Not even 30 minutes into the first Anti-Racism Directorate meeting in Toronto, you could tell that nobody had time for excuses.
"There are people who would like to see this meeting dissolve into anger and incivility...and I hope that doesn't happen," premier Kathleen Wynne said in her opening remarks. A woman yelled out from the crowd. "I don't want to be civil, I want to be uncivil. There's nothing wrong with that."
Wynne tried to empathize. "I understand," she said. "Because anger is a part of this. Of course you're angry-"
"I'm not angry, I'm disappointed," the woman yelled back. "Do your job."
The crowd erupts into applause, and with good reason. Beginning a meeting about anti-black racism and assuming that a black woman is angry is probably not the best way to start. Perhaps differentiating anger from the pain, frustration and suffering of the people of colour who've waited for this long-overdue discussion would have been wiser.
Last night, Daniels Spectrum in Regent Park hosted the first of nine public meetings across Ontario to engage with the public and organizations on how the province can address issues of systemic racism for Indigenous, black and other racialized communities. Over 300 people chanted, applauded (and booed) the organizers, activists, artists, social workers and community members who came to school Michael Coteau, the minister responsible for anti-racism, Toronto Mayor John Tory and Premier Wynne. Indigenous Relations and Reconciliation Minister David Zimmer, Education Minister Mitzie Hunter and trustees from the Toronto District School Board were also there.
The meeting focused predominantly on anti-black racism, addressing the legacy of Black Lives Matter, the systemic and institutional racism against black and Indigenous people (a residential school survivor reminded Tory that this land doesn't belong to white people), the funding of the Toronto Caribbean Carnival (with people chanting that Black Money Matters), and Islamophobia (Fatima Sajan from the National Council of Canadian Muslims spoke about needing a charter for inclusive communities).
Akua Benjamin, a professor of the school of social work at Ryerson University, was first to speak, defending the controversial Black Lives Matter sit-in at Pride this year. "The first thing this group did...is they recognized the Aboriginal people of this land," she said to a cheering crowd. "The second thing they did was to call attention to the shootings that happened in Orlando. They are for peace. They are for unity."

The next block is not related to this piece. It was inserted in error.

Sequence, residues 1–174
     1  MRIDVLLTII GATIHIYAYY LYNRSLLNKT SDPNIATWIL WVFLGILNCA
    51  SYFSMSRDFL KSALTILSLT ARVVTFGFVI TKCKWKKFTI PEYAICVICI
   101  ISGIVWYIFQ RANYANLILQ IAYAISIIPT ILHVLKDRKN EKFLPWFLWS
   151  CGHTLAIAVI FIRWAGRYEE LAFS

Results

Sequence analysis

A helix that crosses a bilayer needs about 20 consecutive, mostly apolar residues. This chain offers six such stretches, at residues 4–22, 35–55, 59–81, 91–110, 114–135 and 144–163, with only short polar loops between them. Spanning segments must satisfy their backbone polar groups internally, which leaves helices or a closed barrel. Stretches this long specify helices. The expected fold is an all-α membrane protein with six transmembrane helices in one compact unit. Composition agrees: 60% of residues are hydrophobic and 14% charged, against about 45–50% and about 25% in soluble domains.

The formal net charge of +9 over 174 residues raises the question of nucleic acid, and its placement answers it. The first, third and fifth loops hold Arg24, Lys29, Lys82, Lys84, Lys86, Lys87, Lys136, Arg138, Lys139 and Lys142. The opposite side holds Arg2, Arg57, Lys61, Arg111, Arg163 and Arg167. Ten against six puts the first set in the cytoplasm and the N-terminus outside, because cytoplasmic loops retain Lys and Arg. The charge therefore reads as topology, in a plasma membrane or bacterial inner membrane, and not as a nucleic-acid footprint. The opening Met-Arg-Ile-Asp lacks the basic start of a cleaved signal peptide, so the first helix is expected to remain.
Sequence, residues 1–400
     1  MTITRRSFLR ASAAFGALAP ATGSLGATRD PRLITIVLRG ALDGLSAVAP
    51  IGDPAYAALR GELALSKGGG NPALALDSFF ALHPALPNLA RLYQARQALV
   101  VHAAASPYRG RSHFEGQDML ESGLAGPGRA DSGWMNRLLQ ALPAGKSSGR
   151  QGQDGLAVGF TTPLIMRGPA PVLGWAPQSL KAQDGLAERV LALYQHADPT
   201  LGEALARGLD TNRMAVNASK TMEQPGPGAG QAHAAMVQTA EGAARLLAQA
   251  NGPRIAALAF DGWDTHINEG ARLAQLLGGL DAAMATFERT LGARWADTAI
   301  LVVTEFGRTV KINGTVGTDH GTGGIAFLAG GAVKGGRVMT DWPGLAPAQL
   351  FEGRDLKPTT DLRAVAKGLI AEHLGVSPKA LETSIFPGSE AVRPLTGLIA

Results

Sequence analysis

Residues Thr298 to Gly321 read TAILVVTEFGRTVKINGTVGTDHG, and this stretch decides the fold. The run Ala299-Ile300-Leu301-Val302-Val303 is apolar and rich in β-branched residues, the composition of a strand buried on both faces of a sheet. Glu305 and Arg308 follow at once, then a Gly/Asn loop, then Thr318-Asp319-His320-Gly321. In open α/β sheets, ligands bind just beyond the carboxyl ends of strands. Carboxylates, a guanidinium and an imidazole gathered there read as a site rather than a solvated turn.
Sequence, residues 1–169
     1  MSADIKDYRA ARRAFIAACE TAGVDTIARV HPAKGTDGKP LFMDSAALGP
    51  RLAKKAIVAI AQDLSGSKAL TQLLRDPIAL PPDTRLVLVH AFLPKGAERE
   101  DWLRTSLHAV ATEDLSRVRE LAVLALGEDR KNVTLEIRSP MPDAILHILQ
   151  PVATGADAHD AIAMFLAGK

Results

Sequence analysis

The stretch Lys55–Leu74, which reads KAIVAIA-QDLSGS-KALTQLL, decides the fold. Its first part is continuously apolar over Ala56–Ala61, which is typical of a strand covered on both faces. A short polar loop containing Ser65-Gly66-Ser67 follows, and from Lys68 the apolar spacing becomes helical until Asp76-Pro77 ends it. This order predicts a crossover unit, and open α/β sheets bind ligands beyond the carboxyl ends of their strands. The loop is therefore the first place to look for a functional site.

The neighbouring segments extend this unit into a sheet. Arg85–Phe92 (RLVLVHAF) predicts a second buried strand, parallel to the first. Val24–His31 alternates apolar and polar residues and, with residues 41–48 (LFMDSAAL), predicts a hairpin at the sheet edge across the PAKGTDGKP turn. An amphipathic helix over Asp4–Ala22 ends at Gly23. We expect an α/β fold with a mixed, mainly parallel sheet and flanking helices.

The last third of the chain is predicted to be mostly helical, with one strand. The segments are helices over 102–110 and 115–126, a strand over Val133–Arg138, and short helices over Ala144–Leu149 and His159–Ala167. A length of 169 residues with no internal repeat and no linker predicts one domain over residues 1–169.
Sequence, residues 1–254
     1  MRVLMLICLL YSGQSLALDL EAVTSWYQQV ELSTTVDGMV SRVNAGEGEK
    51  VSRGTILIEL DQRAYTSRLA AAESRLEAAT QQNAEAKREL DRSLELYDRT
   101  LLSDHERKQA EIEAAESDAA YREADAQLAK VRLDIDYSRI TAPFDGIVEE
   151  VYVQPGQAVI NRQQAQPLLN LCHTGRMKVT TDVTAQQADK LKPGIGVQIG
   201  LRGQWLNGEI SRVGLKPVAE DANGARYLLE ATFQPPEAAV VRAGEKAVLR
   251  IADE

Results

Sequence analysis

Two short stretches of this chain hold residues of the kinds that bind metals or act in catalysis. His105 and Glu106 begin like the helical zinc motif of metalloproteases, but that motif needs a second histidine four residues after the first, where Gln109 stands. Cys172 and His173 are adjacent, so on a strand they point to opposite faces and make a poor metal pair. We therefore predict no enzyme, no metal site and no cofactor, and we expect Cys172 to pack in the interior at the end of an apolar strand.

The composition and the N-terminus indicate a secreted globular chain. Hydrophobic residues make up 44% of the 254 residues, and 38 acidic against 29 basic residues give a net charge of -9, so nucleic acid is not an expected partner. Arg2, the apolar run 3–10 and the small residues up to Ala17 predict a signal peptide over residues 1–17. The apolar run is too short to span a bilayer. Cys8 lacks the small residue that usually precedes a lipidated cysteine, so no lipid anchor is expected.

People from other communities also stood with Black Lives Matter as well. Carolyn Egan from The Steelworkers' Toronto Area Council and Jenny Ahn from Unifor expressed support. Betty Woo, president of the Chinese Canadian Nurses Association said she would do her part to end anti-black racism in the Chinese community.
It would be an understatement to say that this meeting was seething, with lines for the mics so long that the event ran an extra 90 minutes long. Wynne, Tory and Coteau were called out for not promoting the event yesterday on social media and for ignoring emails and phone calls from black community organizers and excluding BLM from discussions. One speaker said, "We have a police chief who is only black in colour," addressing Toronto Police Chief Mark Saunders' stance on carding. Another community member said, "I hear our government leaders say racism is real. I want to hear them say racism is a priority." Not to mention, a high school girl shut it down real quick: "I'm 17 years old, and I'm fed up of this bullshit."
But it was Tory, Toronto's blue blood mayor, who got roasted. His expressions ranged from discomfort, disinterest, and at times, irritation. One woman accused Tory of "piggybacking" on Wynne's event, before calling him "a coward," for refusing to meet with BLM in April. With his best deflection, he took the mic and said he was invited by Wynne and the provincial government. She also reminded him, to everyone's satisfaction, that he once said that white privilege doesn't exist. Near the end of the night, writer Desmond Cole questioned Tory's whereabouts when Black Lives Matter sat in front of police headquarters for two weeks in the cold. It was one of the only moments of the night that Tory got up and admitted fault.
"I should have been there," he said.
The most frustration happened when Coteau was forced to reveal that the budget for the directorate was only $5 million dollars. Considering the amount of money spent on keeping inmates in jail (where black and Indigenous populations are overrepresented) and the $44 million that the province spent on a Correctional Services strike that never happened, $5 million dollars is a joke. (An audience member said it best by yelling, "I can't even buy a house for that amount.")
We tend to dismiss anger and white people love to tone police black people when they're upset, so I'm not sure if Wynne and Tory could identify that this meeting was filled with hurt people—not angry ones. While I commend them from sitting through over three hours of bashing, they needed to face the consequences of hiding and delaying action on ending the racism we've been experiencing. And since they were elected to serve us all, they should do their job. But there's still eight public meetings to go, and anything can happen. Let's hope that Tory brings his fire suit.
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